Shakespeare Solved ®

Shakespeare Solved ® is a forthcoming series of novels that covers the Bard's entire life and work.

These novels solve the mysteries surrounding Shakespeare by transporting us back in time, to walk in his shoes, and see his world through his eyes.

Only when we see Shakespeare in his original historical context can we understand what his plays and poems really mean.

This blog explains some of my ideas and discoveries, to prepare for this series of novels.

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The University of Oxford's Bodleian Library & The Royal Shakespeare Company

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1. Shakespeare's Shylock Solved 2. Shakespeare's Othello Finally Identified 3. Shakespeare In Love Sequel Solved 4. The Real Romeo and Juliet 5. Shakespeare's Malvolio Solved 6. Shakespeare's Real Petruchio

Tuesday, December 9, 2014

Judi Dench Muse of Fire Shakespeare Interview

Happy Birthday Dame Judi Dench!

This is an exciting year for her, considering that she will do some more Shakespeare, by agreeing to join Benedict Cumberbatch in his BBC Hollow Crown version of Richard III. I can't wait for that!

Also, I just finished watching the interview she made for the great Shakespeare documentary Muse of Fire, which you can find here on the Shakespeare Globe Globe Player.

The interview is just over and hour long and it goes by quickly. I am one of those people who could sit and listen to her talk about the weather for hours and hours, so a one hour interview on her career doing Shakespeare is much too short.

I don’t want to ruin the interview for you, but there is one major part of what she says that really intrigues me, and I would like to share my thoughts with you.

She says that her least favourite Shakespeare play is Merchant of Venice. She apologizes to Will, but calls the play “ghastly” and she regrets ever having played Portia herself.

She says that it was the first play that she read as a schoolgirl, and the teacher  instructed the children to recite the play aloud, each reading six lines at a time. As Dame Judi puts it: “It ruined the play for me, completely ruined the play for me.”

She doesn’t go into too much detail about it, other than to say that the characters “all behave too badly” and she disliked the “terrible trick at the end” with Portia and Bassanio with the rings.

This breaks my heart. 

First, I hate to think that children can be so poorly served by their teachers as to turn them off a Shakespeare play for life.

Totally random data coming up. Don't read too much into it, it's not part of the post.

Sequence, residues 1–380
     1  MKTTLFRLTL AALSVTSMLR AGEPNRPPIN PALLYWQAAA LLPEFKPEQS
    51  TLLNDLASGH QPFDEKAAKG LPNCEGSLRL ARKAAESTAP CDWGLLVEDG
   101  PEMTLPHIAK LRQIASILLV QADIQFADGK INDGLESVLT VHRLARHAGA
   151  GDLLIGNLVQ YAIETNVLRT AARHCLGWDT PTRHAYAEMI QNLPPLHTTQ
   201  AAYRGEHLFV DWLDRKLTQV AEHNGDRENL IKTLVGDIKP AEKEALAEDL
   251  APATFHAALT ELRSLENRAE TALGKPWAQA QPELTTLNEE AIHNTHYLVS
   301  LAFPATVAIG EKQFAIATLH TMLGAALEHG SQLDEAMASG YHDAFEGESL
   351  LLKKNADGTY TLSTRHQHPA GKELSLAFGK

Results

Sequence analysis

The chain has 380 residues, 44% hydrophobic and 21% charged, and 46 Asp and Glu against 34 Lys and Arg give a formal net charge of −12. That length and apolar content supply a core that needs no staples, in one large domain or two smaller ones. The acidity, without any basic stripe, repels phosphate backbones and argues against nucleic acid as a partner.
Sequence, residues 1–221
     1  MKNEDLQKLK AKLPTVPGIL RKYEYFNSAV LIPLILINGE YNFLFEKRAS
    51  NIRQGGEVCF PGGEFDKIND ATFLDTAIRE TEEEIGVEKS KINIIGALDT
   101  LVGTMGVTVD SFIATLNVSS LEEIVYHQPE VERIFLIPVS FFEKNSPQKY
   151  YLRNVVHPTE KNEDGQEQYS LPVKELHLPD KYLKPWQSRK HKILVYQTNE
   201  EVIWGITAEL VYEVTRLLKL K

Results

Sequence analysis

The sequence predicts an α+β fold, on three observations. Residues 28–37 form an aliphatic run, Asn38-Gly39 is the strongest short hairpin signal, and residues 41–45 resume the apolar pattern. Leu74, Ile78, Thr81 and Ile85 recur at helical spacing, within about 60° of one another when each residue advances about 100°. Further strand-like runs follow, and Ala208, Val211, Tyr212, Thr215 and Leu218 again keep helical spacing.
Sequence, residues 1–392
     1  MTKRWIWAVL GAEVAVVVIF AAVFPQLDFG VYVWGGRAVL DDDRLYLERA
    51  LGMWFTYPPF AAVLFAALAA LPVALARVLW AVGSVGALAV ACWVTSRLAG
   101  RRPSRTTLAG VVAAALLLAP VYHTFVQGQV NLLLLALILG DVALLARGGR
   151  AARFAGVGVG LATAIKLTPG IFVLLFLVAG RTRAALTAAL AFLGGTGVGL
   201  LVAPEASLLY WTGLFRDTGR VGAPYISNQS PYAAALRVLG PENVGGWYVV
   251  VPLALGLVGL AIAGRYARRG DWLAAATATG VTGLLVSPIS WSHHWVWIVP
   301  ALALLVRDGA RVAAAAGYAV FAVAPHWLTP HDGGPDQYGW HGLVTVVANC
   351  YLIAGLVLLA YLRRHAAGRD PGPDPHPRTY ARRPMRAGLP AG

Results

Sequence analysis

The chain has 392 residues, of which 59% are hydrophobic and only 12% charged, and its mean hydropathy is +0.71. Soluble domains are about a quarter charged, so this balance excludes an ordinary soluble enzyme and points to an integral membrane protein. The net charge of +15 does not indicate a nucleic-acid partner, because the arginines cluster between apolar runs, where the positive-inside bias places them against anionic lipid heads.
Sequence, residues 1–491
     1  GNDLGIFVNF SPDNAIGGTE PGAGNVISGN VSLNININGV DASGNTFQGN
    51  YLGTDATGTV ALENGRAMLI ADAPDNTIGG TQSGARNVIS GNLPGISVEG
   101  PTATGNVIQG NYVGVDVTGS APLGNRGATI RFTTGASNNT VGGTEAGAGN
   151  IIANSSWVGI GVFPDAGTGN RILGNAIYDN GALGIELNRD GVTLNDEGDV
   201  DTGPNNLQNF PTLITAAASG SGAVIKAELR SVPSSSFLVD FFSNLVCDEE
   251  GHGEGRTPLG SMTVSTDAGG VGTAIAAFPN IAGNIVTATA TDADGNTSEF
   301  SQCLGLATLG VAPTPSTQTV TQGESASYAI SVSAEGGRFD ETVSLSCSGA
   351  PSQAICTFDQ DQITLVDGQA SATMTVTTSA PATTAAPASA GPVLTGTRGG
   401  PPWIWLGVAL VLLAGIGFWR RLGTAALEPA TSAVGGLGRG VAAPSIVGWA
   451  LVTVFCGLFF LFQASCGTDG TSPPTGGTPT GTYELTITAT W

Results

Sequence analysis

Second, Merchant is my favourite play of them all, so it upsets me to think that she doesn’t enjoy it as much as I do.

But it really is not her fault, since this is arguably the most problematic of the “problem plays,” and the play has been grossly misunderstood for over 400 years.

She knew there was something wrong with the play when she says that the characters all behave so badly. She was onto something. Perhaps what confused her was the fact that the characters are so ill-behaved but are meant to be virtuous as well.

How do you reconcile the fact that Portia is supposed to be wise and merciful, when she is also a racist (towards Morocco)?

And how can Portia be a good girl, when Shakespeare gave her a name which means “pig?”

How can Bassanio be a good lad when he is trying to woo Portia under false pretences, acting like the prince he is not?

How can Shylock be the villian when Shakespeare wrote him as an auto-biographical character, and when the name Shylock means Shakespeare?

The first play I solved for this Shakespeare Solved series of adaptations was Merchant. I discovered that it is not a romantic drama, or romantic comedy, or comedic drama — the play is a bawdy, rude and offensive farce.

The Merchant of Venice was listed in the First Folio by John Heminges and Henry Condell — men who acted in the original production of Merchant — as a comedy.

It is supposed to be funny.

I have never seen any version of the play that makes you laugh.

My version makes you laugh.

I like to think that had Judi Dench, when she was a young schoolgirl, read the play or seen the play as the raucous and satirical comedy it is, she would have laughed her head off, and would have grown up enjoying The Merchant of Venice.


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